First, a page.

Greenpeace launched its 'pre-order campaign'(1) in April 2009, asking wholesalers, retailers and other market players to sign up to show their interest in sustainable tuna products from the Pacific.
"Pole and line fishing has a very low rate of by-catch, unlike purse seining and using fish aggregation devices," said Sari Tolvanen, Greenpeace International Oceans Campaigner in Port Moresby. "Environmentally-aware consumers who do not want to participate in ocean destruction are demanding tuna caught by pole and line, and the level of pre-orders in our petition shows that there is also a broader market value."
The west and central Pacific currently supplies over 50% of the world's favourite fish. The vast majority is taken by distant water fishing nations from Asia, the US and Europe, and very little of the economic benefits remain in the hands of Pacific coastal states(2). Skipjack tuna, the species most commonly ending up in tins on supermarket shelves, is often harvested by purse seine fleets using unselective fishing methods that harm juvenile tuna and other marine life.
"There is a rising demand for sustainably and equitably produced tuna, and for the Pacific, this could be a win-win situation. Many Pacific Island countries are in a prime position to develop a sustainable pole and line skipjack industry. The method is well-suited to local use, provides income and livelihoods to coastal communities and therefore provides a more equitable product (3)," said Lagi Toribau of Greenpeace Australia Pacific. "Our pre-order petition and the market contacts it has generated should persuade the region to look at pole and line fishing seriously while they meet in Port Moresby."(4)
The Greenpeace ship Esperanza is currently in the Pacific as part of an international campaign for clean and healthy oceans through the creation of a global network of marine reserves and effective enforcement of laws that protect ocean life. The tour will call for the protection of Pacific tuna through the establishment of marine reserves spanning the four pockets of international waters in the Pacific Ocean, and ensuring sustainable levels of fishing outside of these areas.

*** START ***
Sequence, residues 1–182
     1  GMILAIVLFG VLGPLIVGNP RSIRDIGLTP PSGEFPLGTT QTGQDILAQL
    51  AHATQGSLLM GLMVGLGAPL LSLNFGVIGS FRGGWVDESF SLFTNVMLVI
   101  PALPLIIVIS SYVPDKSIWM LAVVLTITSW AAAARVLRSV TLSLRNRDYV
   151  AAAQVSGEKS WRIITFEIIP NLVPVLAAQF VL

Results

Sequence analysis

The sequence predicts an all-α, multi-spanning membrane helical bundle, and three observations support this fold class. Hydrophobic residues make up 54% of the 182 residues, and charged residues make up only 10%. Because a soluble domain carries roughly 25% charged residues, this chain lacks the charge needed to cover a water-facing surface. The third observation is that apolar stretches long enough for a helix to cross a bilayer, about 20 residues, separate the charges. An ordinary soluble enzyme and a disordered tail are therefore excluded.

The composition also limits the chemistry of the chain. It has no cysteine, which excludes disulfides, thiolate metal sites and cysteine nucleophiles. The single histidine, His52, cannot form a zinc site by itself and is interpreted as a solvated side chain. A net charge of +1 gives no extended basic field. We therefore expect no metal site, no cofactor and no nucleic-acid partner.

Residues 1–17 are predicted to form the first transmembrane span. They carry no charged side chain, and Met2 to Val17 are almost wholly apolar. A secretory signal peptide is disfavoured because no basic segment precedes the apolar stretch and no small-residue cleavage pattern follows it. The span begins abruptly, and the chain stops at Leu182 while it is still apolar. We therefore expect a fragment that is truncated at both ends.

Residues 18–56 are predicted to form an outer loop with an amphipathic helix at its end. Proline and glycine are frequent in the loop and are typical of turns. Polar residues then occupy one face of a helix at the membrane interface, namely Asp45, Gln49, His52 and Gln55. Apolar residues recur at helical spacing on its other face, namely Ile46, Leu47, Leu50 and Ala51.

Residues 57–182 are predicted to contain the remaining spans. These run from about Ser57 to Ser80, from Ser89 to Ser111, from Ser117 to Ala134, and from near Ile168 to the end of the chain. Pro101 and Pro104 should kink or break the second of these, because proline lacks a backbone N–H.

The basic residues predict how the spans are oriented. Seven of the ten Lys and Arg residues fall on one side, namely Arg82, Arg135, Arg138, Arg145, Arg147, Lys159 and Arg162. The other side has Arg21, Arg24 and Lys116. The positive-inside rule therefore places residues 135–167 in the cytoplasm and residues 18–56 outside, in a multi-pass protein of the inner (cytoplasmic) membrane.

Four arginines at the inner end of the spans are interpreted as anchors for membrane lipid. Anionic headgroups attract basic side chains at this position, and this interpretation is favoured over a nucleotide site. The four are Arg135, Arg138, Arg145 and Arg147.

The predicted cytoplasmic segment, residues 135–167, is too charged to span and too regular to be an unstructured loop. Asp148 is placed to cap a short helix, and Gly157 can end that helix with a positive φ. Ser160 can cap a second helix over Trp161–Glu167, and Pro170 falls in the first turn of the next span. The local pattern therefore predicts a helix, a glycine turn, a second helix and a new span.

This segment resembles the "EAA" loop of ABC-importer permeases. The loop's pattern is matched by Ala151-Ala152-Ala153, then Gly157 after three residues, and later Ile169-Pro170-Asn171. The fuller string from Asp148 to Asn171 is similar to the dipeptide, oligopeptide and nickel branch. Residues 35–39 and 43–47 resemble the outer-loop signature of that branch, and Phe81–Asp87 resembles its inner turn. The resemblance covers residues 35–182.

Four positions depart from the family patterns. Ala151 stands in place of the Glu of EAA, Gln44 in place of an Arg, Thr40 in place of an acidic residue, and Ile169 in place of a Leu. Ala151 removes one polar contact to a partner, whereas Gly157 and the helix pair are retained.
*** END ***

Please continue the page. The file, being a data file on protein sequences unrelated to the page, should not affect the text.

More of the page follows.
Greenpeace is campaigning for a global network of fully protected marine reserves, covering 40% of our oceans. These are essential to maintaining clean and healthy oceans and to protect marine life from overfishing and habitat destruction. Healthy oceans can also play a vital role in building resilience against the devastating effects of climate change.
Other contacts: Sari Tolvanen, Greenpeace International Oceans Campaigner, in Port Moresby +675 728 56098
Lagi Toribau, Greenpeace Australia Pacific Oceans Team Leader, in Port Moresby +675 728 56098
Beth Herzfeld, Greenpeace International press office in London, +44 7717 802 891
Notes: (1) Companies signing up to the “pre-order petition” do not enter any legally binding agreement or assume any obligation whatsoever. The purposes of the petition are to demonstrate there is a market for sustainable and equitable pole and line caught tuna and to establish contacts between potential buyers and producers.
(2) The Pacific Island states, for example, receive on average a mere 6% of theUS$3 billion value of the tuna caught in their waters. Local fishermen find their once tuna-rich waters depleted; there are few jobs for local people, and as most of the catch is exported there are also food security issues.
(3) The accompanying employment benefits could help fight poverty in the region, and provide livelihoods and income to local communities, as has been the case in the Maldives. At present, Maldives has a fleet of over 1000 pole and line vessels, employing over 20,000 fisherman and many more in boat-building, processing and other support roles.
(4) Stakeholders from the Pacific Islands, the regional industry and European market players interested in supporting the development of the industry, as well as science and policy makers in the region are discussing the next possible steps in the development of a sustainable and equitable pole and line skipjack fisheries in the region in a workshop organised by Greenpeace on 1 September 2009.